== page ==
Designing Against Abuse in the Age of Twitter

Arunabh Satpathy
Apr 6, 2017 · 4 min read

[NOTE: This piece was first published as part of a column called “Design Eats the World” in The Daily of the University of Washington HERE.]

Twitter has been through a lot, as have its users. From its roots as a revolutionary social media platform to a legacy product that both the President and your aunt use, it’s become the archetype of rapid-fire online democracy. As the platform has grown in influence, with close to 320 million active users in 2016, several massive incidents of abuse have dented the platform’s image. While Twitter’s design as a platform for allowing free speech is intact, its design against abuse and harassment has historically been poor. I suspect this is because it has consistently designed reactively rather than proactively.

Harassment on social media isn’t new or unique. From the cyberbullying of children on Facebook and Instagram to large-scale harassment campaigns against people like Leslie Jones, abuse and harassment has grown with these companies. The number of instances and the scale of both major and minor abuses of these platforms have increasingly taken center stage in discussions about social media.

Twitter in particular has become a touchstone for online trolls, partly because of the platform’s open design and partly because of its utter inability to think ahead in terms of designing a balance between encouraging free speech and hosting its abuse.

Its problems aren’t new. As early as 2008, blogger Ariel Waldman received threatening tweets that doxxed her and called her names. One of Twitter’s co-founders responded by apologizing for the incident, but he also laid down its essentially hands-off policy by saying, “Twitter is a communication utility, not a mediator of content.”

That attitude may have been swept under the rug in 2008 when the problem was still relatively small, but it has metastasized with the growth of the platform. In 2014, a Pew study found that 40 percent of online users were harassed in some form and 66 percent of these online users’ last experience of harassment was on social media. Especially high-risk groups were young adults and young women. Finally, the 2016 election cycle effectively weaponized online harassment for political ends.

This has led to real business consequences for Twitter. For instance, it was reported that Disney may have decided not to pursue an acquisition of Twitter because of its harassment problem and the image it created.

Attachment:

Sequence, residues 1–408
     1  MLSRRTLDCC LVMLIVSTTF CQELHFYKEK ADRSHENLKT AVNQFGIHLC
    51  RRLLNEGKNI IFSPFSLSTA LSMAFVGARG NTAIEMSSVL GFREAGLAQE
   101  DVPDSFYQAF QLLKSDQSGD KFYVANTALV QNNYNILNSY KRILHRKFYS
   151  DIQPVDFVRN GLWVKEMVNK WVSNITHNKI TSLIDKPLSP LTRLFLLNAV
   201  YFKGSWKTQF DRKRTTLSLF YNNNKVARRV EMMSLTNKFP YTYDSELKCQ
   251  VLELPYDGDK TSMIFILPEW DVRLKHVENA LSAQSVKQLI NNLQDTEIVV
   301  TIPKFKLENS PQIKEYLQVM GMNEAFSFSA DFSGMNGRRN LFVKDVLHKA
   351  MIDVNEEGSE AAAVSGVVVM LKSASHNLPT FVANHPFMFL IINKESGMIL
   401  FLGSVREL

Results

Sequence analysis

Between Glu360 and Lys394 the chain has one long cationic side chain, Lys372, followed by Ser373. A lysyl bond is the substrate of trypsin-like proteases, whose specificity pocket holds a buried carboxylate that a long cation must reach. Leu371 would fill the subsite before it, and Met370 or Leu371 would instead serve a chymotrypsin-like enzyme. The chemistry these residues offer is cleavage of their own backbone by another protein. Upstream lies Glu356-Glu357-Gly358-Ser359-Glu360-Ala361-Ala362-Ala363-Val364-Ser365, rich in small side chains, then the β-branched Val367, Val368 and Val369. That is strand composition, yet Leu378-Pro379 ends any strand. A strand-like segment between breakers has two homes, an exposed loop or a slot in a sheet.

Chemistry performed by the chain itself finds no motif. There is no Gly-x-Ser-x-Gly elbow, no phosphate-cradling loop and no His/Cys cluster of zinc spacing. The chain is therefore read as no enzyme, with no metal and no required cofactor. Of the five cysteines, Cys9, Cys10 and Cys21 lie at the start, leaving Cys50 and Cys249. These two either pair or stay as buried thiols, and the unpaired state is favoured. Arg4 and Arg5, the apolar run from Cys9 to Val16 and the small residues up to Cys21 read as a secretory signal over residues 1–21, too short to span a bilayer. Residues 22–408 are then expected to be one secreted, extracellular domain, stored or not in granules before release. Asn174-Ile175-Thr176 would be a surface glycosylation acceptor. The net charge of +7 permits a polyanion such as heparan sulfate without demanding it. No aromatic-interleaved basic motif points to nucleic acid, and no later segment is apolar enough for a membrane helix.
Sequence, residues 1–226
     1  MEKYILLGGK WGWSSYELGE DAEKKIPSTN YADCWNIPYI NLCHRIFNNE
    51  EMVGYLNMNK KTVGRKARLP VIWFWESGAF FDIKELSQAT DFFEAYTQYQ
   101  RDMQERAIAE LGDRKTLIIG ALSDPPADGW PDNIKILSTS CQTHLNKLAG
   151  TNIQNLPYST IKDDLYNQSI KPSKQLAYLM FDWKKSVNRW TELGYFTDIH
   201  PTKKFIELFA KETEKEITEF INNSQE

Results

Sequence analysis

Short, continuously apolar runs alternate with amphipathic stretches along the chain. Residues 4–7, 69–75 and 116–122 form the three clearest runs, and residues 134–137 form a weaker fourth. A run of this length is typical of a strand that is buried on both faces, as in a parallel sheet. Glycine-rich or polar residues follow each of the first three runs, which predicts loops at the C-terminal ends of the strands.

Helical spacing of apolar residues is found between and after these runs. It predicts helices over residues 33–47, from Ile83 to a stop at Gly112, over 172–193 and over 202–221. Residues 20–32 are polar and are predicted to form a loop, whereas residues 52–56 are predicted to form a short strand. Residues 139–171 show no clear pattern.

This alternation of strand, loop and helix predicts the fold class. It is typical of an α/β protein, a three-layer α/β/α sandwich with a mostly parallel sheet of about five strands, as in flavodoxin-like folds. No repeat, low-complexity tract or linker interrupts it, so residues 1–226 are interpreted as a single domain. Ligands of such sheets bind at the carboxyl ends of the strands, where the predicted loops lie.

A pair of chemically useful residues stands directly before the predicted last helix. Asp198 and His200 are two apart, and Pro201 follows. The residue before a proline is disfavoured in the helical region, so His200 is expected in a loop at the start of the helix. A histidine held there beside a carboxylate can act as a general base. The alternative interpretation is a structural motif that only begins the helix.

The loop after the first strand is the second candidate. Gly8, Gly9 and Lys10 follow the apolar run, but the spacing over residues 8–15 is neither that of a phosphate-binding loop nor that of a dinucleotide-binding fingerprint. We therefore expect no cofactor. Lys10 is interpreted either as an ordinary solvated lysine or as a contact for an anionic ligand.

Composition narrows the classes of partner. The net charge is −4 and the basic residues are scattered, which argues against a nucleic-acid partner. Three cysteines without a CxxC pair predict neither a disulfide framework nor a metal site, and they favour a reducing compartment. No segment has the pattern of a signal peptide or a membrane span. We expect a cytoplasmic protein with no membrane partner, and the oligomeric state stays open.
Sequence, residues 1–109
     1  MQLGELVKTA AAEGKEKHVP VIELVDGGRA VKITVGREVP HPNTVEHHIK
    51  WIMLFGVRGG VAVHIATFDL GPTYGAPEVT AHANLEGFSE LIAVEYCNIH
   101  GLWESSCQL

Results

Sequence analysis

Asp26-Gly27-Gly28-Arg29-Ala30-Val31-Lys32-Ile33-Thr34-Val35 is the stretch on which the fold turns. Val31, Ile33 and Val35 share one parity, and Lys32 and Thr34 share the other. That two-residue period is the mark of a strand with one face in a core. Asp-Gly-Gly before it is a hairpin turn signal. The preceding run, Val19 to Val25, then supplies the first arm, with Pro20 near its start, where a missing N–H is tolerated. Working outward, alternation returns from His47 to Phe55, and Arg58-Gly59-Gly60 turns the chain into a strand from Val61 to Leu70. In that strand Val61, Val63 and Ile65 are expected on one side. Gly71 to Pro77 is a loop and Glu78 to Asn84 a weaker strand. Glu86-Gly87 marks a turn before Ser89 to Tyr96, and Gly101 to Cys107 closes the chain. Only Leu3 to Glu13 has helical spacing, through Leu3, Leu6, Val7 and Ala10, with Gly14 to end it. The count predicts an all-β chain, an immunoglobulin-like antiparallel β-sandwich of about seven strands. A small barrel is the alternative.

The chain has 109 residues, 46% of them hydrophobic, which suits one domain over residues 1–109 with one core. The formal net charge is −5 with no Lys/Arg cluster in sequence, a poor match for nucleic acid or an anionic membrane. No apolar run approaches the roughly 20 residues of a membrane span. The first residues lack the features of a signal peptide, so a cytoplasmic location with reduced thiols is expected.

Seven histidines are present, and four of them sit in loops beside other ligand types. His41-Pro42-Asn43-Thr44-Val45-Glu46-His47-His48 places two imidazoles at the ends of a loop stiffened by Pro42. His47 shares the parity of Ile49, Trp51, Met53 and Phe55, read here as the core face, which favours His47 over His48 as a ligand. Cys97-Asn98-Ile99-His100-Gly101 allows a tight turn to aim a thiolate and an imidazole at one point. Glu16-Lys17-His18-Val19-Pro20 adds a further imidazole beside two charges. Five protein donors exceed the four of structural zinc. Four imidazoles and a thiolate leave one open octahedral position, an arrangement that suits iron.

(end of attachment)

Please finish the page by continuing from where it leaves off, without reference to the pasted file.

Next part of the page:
Why has Twitter been unable to design good solutions? Firstly, it’s extremely difficult. Allegations of abuse can sometimes be impossible to disentangle and these systems are themselves vulnerable to misuse. Baseline definitions of harassment and agreement over them also differ from platform to platform. It’s an inefficient process that at scale has to work efficiently. But I suspect the big reason is that designing against abuse is not just a reactive act; it’s an imaginative act.

Some design theorists have posited that any product designed from the actual experience of a person outwards relies on engagement and respect instead of efficiency as its north star. Twitter has definitely not been doing that. Many of their user protection design elements were introduced after the fact.

For instance, the ability to report individual tweets on Twitter existed only on iPhones even as late as 2013, when an activist in the UK got many rape threats for pushing Jane Austen on to UK currency. In response to the story, a Twitter spokesman told The Age, “…we plan to bring this functionality to other platforms, including Android and the web.”

Around the time of Gamergate — a coordinated campaign of harassment against female game designers among others — Twitter rolled out “more streamlined forms for reporting abuse, dispensing with its cumbersome nine-part questionnaire and adding back-end flagging tools.”

To be fair, Twitter’s tone has changed recently. In early 2016, it created a “Trust and Safety Council” to give “input on our safety products, policies, and programs” and to create a safer Twitter. Though a council is more likely to look forward and anticipate trends, there is no guarantee it will in the long run. The effectiveness of this organization remains to be seen as the trolls took over the internet during the 2016 election.

A couple of weeks ago, a new default picture replaced the iconic “egg.” It was in response to the default picture being associated with accounts that harassed people in masse. In their design blog, the Twitter Design team posted, “We’ve noticed patterns of behavior with accounts that are created only to harass others — often they don’t take the time to personalize their accounts.”

Hopefully, Twitter and its users’ troubles will set the template for ensuring that our technology doesn’t again become a threat to its very users in the future.

Reach columnist Arunabh Satpathy at Twitter: @sarunabh

Arunabh Satpathy

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